“Inside, I crank up the emergency radio. The local channel has a riot in Koreatown…
Two figures are shambling up the street… their eyes are dull gleams, reflecting back the light like black marbles. Their clothes are torn, and gaping wounds mar their faces. Black blood covers their clothes. Is this some kind of joke? Halloween?
Their mouths sag open, gaping, and a slow moan drifts out, an eerie, otherworldly sound. It’s not a joke.
Zombies, straight out of a horror movie. As the light plays across them, they surge forward…”
Sam Sheridan, The Disaster Diaries (The Penguin Press, 2012)
He’s known for his MMA writing like A Fighter’s Heart, but it’s Sam Sheridan’s apocalyptic nightmares which spur the action in his latest book. Each chapter of Sherdian’s The Disaster Diaries begins with a different fantasy which Sheridan takes time to learn how to cope with: traveling from his LA home to train with experts in the fields of survivalism, knife skills, stunt car driving, and more. To combat a zombie invasion, he trains with a firearms expert.
But José Aldo, UFC Featherweight Champion (and my controversial “Pound-for-Pound” champion), won’t have Sheridan’s Glock 19 with him when he fights the man known as “The Korean Zombie” (for his unbreakable will, remarkable pain tolerance, and constant forward movement), Chan-Sung Jung, next Saturday at UFC 163.
To begin preparing for the event, I took a look at the three bouts which brought Jung his shot at Aldo.
(“What kind of zombies are on the way from Korea?” I can imagine Sheridan writing…)
Everyone knows about the fight Joe Rogan called “the fight of the decade,” Jung’s controversial split decision loss to Leonard Garcia back in April of 2010. But the 2011 rematch, following a training camp with Uriah Faber, really began his move from cult hero to legitimate contender.
Some surprisingly tepid standup began the bout, with Garcia taking a slight advantage — until Jung scored a takedown and landed some nasty strikes, especially from back mount, to end the first stanza.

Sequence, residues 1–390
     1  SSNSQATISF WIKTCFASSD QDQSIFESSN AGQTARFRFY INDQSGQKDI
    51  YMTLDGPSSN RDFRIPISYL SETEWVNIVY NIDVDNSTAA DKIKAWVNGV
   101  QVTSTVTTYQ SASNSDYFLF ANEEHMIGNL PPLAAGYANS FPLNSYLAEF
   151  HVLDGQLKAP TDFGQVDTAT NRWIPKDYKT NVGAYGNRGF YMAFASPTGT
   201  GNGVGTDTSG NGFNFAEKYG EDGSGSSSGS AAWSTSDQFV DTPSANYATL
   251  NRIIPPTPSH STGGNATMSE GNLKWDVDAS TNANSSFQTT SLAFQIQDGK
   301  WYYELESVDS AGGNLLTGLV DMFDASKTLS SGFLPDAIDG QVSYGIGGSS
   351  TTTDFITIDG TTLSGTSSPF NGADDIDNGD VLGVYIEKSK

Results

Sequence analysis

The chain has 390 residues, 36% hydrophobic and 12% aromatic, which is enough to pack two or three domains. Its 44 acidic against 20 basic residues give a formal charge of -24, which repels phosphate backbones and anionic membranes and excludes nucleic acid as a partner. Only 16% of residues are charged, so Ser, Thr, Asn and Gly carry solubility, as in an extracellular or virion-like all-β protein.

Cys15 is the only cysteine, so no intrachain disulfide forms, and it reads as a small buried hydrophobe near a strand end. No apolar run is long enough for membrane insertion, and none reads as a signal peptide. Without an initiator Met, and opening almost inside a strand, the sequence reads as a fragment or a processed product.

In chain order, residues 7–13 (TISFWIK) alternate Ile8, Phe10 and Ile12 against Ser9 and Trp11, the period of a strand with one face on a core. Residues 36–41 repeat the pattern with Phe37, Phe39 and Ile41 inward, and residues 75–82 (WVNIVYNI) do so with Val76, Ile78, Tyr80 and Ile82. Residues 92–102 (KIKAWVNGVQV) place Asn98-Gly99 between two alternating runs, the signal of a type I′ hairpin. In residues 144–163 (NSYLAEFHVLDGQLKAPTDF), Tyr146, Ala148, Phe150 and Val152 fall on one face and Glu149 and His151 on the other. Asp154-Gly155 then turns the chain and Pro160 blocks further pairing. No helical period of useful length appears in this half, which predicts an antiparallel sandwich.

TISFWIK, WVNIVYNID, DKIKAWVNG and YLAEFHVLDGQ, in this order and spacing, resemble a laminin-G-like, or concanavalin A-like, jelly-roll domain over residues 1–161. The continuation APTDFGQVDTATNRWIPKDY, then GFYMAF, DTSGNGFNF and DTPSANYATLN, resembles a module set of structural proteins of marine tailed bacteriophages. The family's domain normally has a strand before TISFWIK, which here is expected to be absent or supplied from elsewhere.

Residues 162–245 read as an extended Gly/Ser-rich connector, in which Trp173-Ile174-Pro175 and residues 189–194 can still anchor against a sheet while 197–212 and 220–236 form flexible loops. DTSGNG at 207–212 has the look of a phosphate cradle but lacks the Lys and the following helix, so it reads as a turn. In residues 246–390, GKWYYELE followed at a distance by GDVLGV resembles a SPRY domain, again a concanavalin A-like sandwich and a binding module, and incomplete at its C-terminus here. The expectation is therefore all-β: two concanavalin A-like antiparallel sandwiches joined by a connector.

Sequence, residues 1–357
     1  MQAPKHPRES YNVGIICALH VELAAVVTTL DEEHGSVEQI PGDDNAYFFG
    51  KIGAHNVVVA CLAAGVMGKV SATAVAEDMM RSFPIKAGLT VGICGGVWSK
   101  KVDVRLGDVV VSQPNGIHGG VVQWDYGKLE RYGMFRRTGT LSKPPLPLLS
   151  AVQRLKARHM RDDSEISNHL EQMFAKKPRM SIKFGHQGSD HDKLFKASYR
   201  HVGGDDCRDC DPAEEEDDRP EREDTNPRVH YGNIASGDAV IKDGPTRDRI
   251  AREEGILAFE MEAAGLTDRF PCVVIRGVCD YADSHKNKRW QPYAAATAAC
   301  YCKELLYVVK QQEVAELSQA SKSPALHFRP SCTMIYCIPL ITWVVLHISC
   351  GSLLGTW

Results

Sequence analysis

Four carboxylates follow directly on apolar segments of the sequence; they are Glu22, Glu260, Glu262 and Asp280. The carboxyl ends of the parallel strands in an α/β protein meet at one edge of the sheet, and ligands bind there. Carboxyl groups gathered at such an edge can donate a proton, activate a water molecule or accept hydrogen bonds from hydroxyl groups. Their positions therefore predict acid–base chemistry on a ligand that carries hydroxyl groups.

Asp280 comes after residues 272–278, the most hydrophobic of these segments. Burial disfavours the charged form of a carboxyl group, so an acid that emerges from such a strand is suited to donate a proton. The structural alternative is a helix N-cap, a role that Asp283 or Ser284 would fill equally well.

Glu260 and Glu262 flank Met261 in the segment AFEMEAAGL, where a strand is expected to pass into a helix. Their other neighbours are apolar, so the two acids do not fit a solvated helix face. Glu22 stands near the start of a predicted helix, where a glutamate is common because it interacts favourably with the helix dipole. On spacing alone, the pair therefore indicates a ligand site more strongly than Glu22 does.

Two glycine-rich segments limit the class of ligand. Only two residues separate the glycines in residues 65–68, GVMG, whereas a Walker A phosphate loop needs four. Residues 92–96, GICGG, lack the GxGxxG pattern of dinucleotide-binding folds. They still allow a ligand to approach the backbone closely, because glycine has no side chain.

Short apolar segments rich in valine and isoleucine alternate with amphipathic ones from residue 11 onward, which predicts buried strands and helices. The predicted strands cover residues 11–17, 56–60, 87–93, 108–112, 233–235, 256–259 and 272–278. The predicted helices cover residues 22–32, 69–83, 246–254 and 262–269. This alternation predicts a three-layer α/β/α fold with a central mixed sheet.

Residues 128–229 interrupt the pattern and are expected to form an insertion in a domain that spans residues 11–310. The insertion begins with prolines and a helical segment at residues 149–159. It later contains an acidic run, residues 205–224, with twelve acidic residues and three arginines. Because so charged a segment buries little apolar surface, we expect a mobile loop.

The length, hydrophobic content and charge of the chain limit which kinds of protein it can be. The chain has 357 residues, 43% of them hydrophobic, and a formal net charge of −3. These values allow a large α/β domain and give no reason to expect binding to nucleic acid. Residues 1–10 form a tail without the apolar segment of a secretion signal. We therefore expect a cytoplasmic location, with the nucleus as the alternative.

(“A patient zombie? What?”)
Second round had more of the same, with both fighters landing a flying knee between the tip-toe lateral movement. Another wild exchange saw Garcia hit the deck. Jung pounced back into back control and maneuvered into jiu-jitsu luminary Eddie Bravo’s vaunted “Twister” hold, really a spine crank from the wrestler’s guillotine. In seconds, Jung, not a Bravo disciple or even really a jiu-jitsu exponent, made Garcia tap in submission to the first ever “Twister” in UFC history.
(“An… innovative zombie..? How?”)
In his next bout in December 2011, Chan-Sung Jung entered the cage saying he’d stand with Mark Hominick, the vaunted Canadian striker who had just taken José Aldo the distance. Few believed him. In just seven seconds, Jung walked across the cage and knocked Hominick senseless, shocking an Ontario crowd — and the MMA world.
(“The immovable object, sure… but also the unstoppable force…? Huh?”)
Finally, last May at the main event of UFC on Fuel, Jung took on American Top Team’s Dustin Poirier, who was flying high off a five fight winning streak. Jung mostly dominated takedowns and ground control throughout the first rounds: cutting Poirier open with crisp elbows in the first, and reversing a takedown into mount in the second for more punishment. Jung’s dynamic armbar and triangle attempts to finish the second brought the crowd to their feet.
Both fighters tired in a grueling standup-dominated third round, but a huge punching and flying knee combination rocked Poirier to begin the fourth. Jung locked Poirier in a D’Arce choke (an unusual head-and-arm choke described well in this video by Rener and Ryron Gracie) to end the bout.
(…a Gracie zombie…?)
To be continued. We’ll break down the match up further soon. This “Zombie” invasion continues next Saturday!